Courtesy of MCT
When people read in a news article that alcohol was a factor in a crime or accident, they are more likely to support the enforcement of alcohol laws, according to new research conducted at Ohio State.
According to a press release about the study, previous OSU research shows that newspapers mention the involvement of alcohol fewer than one in four times, and TV news reports mention it one in 10 times, when there was alcohol involvement in a crime.
Communication professor Michael Slater, part of the team that conducted the study, said in an email to The Lantern that law enforcement and reporters should do a better job of communicating about the involvement of alcohol in crimes so that it can be accurately reported.
“From my conversations with people knowledgeable about media and police, it would be quite valuable if police procedurally made a practice of attempting to ascertain if alcohol was involved with a crime or non-motor vehicle injury and include that information in the police report,” Slater said. “Conversely, if reporters make a practice of asking police about this, it is more likely that such information will start finding its way into police reports.”
Participants in the study read news reports from the United States that involved violent crimes and various accidental injuries, half of which were edited to include the involvement of alcohol and half of which were edited to not include that information, according to the press release. Seven-hundred-and-eighty-nine adults across the country were surveyed.
Rachel Reineck, a third-year in nursing, said she thinks reporters on these types of issues should be more consistent.
“I don’t know why it wouldn’t be reported,” she said. “I feel like it should be the same way every time.”
She said when it comes to enforcing laws, people should be judged on a crime itself and not whether alcohol was involved. She feels that alcohol might make people think that someone should be given a harsher sentence, while others might favor leniency based on alcohol involvement, but that people should accept their actions are what they are regardless of substance use.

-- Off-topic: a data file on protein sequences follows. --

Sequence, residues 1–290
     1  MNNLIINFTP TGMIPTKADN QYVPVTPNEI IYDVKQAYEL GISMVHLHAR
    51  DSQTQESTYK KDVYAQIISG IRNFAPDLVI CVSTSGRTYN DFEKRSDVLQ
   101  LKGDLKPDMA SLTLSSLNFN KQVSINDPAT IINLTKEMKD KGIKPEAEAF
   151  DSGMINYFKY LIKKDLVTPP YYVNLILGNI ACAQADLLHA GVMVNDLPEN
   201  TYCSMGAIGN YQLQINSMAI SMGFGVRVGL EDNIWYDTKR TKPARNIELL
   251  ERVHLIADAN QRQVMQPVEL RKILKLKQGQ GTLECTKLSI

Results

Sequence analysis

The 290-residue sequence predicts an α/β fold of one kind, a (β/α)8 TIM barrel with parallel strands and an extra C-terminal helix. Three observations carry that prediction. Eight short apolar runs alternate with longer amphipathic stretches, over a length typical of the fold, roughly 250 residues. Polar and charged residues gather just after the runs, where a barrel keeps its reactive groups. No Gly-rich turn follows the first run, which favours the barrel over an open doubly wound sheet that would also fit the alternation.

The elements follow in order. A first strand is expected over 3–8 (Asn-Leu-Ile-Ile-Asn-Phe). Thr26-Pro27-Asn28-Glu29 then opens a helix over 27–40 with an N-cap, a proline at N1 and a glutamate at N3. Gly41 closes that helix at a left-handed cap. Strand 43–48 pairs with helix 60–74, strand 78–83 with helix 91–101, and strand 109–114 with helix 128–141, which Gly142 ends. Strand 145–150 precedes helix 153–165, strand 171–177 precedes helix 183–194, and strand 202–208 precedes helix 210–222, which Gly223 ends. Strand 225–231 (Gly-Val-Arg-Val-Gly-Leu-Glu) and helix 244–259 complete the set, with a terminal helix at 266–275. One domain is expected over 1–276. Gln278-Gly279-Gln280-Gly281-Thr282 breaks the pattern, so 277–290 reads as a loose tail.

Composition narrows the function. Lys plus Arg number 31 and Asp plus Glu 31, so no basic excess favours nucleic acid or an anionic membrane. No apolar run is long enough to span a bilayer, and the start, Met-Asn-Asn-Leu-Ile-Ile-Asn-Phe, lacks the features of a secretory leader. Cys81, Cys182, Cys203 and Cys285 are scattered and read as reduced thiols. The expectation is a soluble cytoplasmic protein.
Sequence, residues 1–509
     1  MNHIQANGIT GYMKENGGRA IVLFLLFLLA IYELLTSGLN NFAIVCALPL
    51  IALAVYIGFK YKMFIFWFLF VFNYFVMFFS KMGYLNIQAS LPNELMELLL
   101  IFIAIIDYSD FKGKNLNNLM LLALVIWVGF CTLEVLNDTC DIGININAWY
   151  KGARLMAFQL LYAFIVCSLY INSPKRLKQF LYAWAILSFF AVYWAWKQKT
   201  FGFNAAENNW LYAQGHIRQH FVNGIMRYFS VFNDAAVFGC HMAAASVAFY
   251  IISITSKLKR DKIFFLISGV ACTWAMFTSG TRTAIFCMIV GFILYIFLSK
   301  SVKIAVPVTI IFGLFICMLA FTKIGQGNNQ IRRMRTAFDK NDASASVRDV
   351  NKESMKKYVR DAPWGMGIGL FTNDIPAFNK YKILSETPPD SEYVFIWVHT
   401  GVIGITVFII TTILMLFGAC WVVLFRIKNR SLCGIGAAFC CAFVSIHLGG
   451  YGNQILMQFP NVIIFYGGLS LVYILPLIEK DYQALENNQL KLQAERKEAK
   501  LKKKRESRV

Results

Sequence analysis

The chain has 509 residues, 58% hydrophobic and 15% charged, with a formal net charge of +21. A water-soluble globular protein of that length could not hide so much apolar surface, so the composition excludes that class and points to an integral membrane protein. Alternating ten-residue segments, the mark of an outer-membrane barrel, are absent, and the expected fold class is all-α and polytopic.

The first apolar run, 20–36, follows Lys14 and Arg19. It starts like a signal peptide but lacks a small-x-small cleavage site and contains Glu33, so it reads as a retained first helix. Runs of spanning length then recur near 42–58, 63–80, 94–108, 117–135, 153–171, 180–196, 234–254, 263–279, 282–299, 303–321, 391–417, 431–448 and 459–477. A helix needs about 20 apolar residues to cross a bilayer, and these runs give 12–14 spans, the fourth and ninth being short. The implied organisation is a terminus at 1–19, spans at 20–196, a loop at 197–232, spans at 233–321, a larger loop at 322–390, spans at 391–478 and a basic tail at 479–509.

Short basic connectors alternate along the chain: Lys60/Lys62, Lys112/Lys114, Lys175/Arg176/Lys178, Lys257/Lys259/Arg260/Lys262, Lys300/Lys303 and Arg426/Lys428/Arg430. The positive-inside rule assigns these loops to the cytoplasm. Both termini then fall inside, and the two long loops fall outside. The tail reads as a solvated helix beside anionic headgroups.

Reineck said alcohol involvement should be considered a fact, and without reporting that fact there is an omission to the story, which might skew people’s perception of the crime.
“I think people need to do a better job of being objective … just looking at the facts,” Reineck said.
Jenny Sulcebarger, a fourth-year in chemistry, said she agreed that news outlets should report involvement of alcohol to avoid creating a negative perception of law enforcement officers for doing their job.
“I know newspapers don’t always report all the facts so it can skew things,” Sulcebarger said. “So if (reporters) don’t report involvement we are more likely to criticize law enforcement. Like maybe (perpetrators) weren’t doing anything wrong.”
She said she thinks the public might backlash after an arrest if they don’t get the whole story.
“Many people get most information from what they read, so people could be better-informed,” Sulcebarger said.
Three others were involved in the study – communication professor David Ewoldsen, associate communication and psychology professor Andrew Hayes and Catherine Goodall, assistant communication professor at Kent State University.
Slater said these reports are read by advocacy and public health organizations that push for change, and they could have a real impact on the way crimes are reported.
“An unusual aspect of the study is that it involves an online research panel that is reasonably representative of the U.S. population and a representative sample of news stories from local newspapers in the U.S.,” Slater said in an email. “If we can identify what makes some stories more influential than others, this is information that can be used by people who work with the press in public health and advocacy contexts; reporters and editors too may be interested in what aspects of such stories impact people most.”